The objective of this study was to determine the effect of house cricket (Acheta domesticus) flour addition on physicochemical and textural properties of meat emulsion under various formulations. As an initial marker of functionality, protein solubility, water absorption, emulsifying capacity, and gel formation ability of house cricket flour were determined at pH (2 to 10) and NaCl concentrations (0 to 2.10 M). Control emulsion was formulated with 60% lean pork, 20% back fat, and 20% ice. Six treatment emulsions were prepared with replacement of lean pork and/or back fat portions with spray-dried house cricket flour at 5% and 10% levels, based on a total sample weight. The protein solubility of house cricket flour (67 g protein/100 g) was significantly altered depending upon pH (P < 0.0001) and NaCl concentration (P = 0.0421). Similar water absorption capacity, emulsifying capacity, and gel formation ability of house cricket flour were found between 0 and 2.10 M NaCl concentration (P > 0.05). The replacement of lean meat/fat portion with house cricket flour within 10% level could fortify protein and some micronutrients (phosphorus, potassium, and magnesium) in meat emulsion, without negative impacts on cooking yield and textural properties. Our results suggest that house cricket flour can be used as an effective nonmeat functional ingredient to manufacture emulsified meat products.

Concepts: Protein, Nutrition, Water, Colloid, Emulsion, Crickets, House cricket, Acheta

0

For insects, choosing a favorable oviposition site is a type of parental care, as far as it increases the fitness of its offspring. Niche theory predicts that crickets should show a bell-shaped oviposition response to substrate moisture. However, lab experiments with mole crickets showed a linear oviposition response to substrate moisture. Studies with the house cricket Acheta domesticus also showed a linear juvenile body growth response to water availability, thus adult ovipositing females should respond positively to substrate moisture. We used a field experiment to evaluate the relationship between oviposition preference and substrate moisture in forest litter-dwelling cricket species. We also evaluated oviposition responses to substrate moisture level in Ubiquepuella telytokous, the most abundant litter cricket species in our study area, using a laboratory study. We offered cotton substrate for oviposition which varied in substrate moisture level from zero (i.e., dry) to maximum water absorption capacity. We used two complementary metrics to evaluate oviposition preference: (i) presence or absence of eggs in each sampling unit as binary response variable, and (ii) number of eggs oviposited per sampling unit as count response variable. To test for non-linear responses, we adjusted generalized additive models (GAMM) with mixed effects. We found that both cricket oviposition probability and effort (i.e., number of eggs laid) increased linearly with substrate moisture in the field experiment, and for U. telytokous in the lab experiment. We discarded any non-linear responses. Our results demonstrate the importance of substrate moisture as an ecological niche dimension for litter crickets. This work bolsters knowledge of litter cricket life history association with moisture, and suggests that litter crickets may be particularly threatened by changes in climate that favor habitat drying.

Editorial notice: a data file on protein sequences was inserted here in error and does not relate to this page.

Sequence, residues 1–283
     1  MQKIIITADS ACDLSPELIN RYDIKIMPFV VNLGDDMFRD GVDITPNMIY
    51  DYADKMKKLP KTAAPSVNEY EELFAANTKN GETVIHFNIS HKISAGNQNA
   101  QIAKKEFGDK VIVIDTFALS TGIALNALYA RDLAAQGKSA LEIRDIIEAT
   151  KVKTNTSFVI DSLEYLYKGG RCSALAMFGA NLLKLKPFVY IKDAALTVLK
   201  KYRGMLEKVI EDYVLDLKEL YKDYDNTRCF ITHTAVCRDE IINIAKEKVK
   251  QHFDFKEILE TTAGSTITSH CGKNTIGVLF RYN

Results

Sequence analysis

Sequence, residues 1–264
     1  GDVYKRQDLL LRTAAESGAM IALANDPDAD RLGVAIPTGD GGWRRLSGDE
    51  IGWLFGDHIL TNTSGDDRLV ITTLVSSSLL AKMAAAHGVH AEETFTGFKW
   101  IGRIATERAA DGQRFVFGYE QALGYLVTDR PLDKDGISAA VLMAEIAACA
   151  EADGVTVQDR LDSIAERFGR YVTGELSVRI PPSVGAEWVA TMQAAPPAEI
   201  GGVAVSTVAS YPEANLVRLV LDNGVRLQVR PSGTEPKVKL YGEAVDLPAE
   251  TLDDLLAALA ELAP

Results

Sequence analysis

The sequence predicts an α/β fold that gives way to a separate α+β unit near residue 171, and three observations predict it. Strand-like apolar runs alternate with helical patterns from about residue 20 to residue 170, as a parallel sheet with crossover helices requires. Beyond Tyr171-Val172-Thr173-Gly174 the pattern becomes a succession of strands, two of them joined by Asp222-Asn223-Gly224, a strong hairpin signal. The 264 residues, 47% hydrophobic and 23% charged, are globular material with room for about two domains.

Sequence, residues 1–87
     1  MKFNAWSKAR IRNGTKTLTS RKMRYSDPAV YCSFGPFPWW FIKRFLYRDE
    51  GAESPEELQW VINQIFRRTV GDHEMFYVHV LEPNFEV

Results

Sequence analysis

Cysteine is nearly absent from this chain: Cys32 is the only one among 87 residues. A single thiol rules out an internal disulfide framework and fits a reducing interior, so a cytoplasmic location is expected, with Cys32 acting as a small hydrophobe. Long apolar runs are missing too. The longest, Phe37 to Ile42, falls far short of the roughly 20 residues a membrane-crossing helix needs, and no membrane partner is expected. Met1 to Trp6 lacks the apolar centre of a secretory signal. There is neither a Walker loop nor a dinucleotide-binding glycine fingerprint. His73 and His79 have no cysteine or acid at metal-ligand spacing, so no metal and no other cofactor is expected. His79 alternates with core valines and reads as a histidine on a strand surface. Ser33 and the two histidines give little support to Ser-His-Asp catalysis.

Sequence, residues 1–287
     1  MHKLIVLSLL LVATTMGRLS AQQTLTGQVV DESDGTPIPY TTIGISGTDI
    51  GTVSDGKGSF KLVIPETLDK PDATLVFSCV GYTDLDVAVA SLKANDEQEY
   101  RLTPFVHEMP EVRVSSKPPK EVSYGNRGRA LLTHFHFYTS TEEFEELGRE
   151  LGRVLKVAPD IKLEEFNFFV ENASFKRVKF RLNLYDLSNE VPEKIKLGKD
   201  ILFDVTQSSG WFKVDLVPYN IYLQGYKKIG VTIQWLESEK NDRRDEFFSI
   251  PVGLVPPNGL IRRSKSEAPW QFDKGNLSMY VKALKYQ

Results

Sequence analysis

Concepts: Chemistry, Experiment, Laboratory, Preference, Crickets, Offspring, House cricket, Acheta

0

Although the Mexican Highlands has the highest diversity of small-bodied rattlesnakes in the world, studies on the species found throughout this region have been relatively scarce. This has led to challenges with examining venom phenotypic characteristics, as well as species misidentifications and misclassifications. In the current study we investigated venom variation among four subspecies of Crotalus lepidus (C. l. klaluberi, C. l. lepidus, C. l. maculosus, C. l. morulus) and four subspecies of C. willardi (C. w. amabilis, C. w. obscurus, C. w. silus, and C. w. willardi) that inhabit regions of southwestern United States and central Mexico. SDS-PAGE patterns show the presence of many of the major compounds found in other rattlesnake venoms, although minor variations in protein banding patterns and intensity are recognizable. Most notably, PI-metalloproteinase (SVMP) bands appear to be very faint to absent in northern C. l. lepidus and C. l. klauberi subspecies, but are fairly prominent in all other C. lepidus and C. willardi subspecies. Enzyme activity assays revealed that C. lepidus subspecies exhibit higher SVMP and thrombin-like activities when compared to C. willardi subspecies. Significant differences between subspecies were also observed for kallikrein-like serine protease, L-amino acid oxidase, and phosphodiesterase activities, although these differences appear to be random and fail to follow a geographical or phylogenetic trend. The same relationship was also observed for fibrinogenolytic and coagulation assays. Toxicity assays conducted on lab mice (Mus musculus), house geckos (Hemidactylus frenatus), and house crickets (Acheta domestica) revealed varying toxicities between subspecies, with C. l klauberi being the most toxic towards mice (LD50 = 1.36 μg/g) and house geckos (LD50 = 0.17 μg/g), and C. w. silus being most toxic to house crickets (LD50 = 1.94 μg/g). These results provide additional evidence that geographical isolation, natural selection, and adaptive evolution in response to diets may be driving forces contributing to population-level variation in venom composition.

Concepts: Natural selection, Evolution, United States, Toxicity, Mouse, House mouse, House cricket, Crotalus

0